Death and a happy ending

Getting to see her one last time meant the world to me.

letters

Death and a happy ending

This is a local story, although it could take place in Vancouver, Victoria or Toronto.

Just over a year ago, we had to place our mother in a home. Due to the COVID, came a complete lockdown of senior homes. Many people were not permitted to see their loved ones before they passed. Many hearts were broken.

I think we would all agree, no one should die alone.

During the past summer, came a partial lifting of restrictions, allowing one family member to make visits. Being the second child, my older sister got to do the visits.

Months rolled on and after not seeing my mother for 10 months, I was told I could come and visit, as it didn’t look like she was going to last too much longer.

As I was driving to the home the next morning, I was praying my mother would hang on until I got there. So many stories of “not quite making it in time” going through my head. I had arrived in time and to my surprise she was awake. Though not able to speak anymore, we were able to communicate through nodding and the occassional smile. We had a wonderful two-hour visit with me showing her many pictures of her life story I had downloaded on my iPad.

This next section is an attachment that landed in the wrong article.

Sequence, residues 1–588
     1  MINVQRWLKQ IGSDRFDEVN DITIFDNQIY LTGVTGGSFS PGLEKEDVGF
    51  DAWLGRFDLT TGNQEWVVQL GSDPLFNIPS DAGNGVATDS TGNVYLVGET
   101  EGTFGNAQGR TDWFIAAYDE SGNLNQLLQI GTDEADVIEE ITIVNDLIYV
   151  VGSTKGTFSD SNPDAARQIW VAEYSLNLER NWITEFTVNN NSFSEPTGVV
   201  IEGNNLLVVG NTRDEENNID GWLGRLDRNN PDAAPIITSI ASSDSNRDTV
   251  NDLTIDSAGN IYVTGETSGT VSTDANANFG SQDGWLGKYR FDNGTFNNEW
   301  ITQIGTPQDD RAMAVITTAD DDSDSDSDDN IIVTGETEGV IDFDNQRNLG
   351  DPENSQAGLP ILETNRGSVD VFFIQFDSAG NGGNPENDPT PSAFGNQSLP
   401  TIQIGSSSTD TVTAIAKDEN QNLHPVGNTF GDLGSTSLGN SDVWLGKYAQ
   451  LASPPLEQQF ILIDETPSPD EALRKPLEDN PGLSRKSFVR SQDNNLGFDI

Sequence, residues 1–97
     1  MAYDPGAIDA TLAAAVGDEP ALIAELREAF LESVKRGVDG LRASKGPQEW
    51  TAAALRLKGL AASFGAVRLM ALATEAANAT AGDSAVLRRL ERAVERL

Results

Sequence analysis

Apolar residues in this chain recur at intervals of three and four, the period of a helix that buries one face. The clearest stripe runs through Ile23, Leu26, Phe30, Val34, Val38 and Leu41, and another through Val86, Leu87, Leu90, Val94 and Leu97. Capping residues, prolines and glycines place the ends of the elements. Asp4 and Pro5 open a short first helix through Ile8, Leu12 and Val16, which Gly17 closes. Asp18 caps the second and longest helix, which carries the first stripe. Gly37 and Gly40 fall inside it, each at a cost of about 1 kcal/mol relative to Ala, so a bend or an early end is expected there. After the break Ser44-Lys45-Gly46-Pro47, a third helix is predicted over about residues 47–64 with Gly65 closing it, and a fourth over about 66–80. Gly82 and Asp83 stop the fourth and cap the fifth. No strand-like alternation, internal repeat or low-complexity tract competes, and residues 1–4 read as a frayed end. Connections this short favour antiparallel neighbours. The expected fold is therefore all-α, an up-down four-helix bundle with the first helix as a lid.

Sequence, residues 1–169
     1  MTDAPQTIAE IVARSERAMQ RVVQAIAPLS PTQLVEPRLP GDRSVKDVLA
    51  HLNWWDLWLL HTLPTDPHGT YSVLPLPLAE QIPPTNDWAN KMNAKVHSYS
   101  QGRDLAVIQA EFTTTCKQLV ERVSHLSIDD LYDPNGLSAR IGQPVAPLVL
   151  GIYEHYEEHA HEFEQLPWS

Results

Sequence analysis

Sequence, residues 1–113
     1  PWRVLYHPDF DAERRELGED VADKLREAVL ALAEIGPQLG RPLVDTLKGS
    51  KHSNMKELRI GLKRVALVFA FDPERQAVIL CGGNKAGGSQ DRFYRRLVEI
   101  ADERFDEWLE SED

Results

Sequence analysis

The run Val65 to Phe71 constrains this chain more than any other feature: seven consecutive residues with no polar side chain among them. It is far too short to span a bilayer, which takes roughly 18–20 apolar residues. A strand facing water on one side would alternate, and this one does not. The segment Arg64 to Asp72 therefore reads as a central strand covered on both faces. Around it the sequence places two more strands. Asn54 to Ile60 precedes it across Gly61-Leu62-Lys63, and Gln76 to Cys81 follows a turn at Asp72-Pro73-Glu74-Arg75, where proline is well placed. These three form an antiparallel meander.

As I held her hand the two hours flew past quickly. I told her it was time for me to go and that she should also go, as there were many loved ones waiting for her.

I felt a huge relief as I walked out the door. Getting to see her one last time meant the world to me. She died 10 minutes later.

I’d like to thank the staff at Wexford Creek senior’s home in Nanaimo for all the care they’ve provided mom over the past year, and for letting me see her one last time. Go see your loved ones before they pass. I’m sure it will make them feel better and I know it will make you feel better.

Ted Puska Sr.

Ladysmith.

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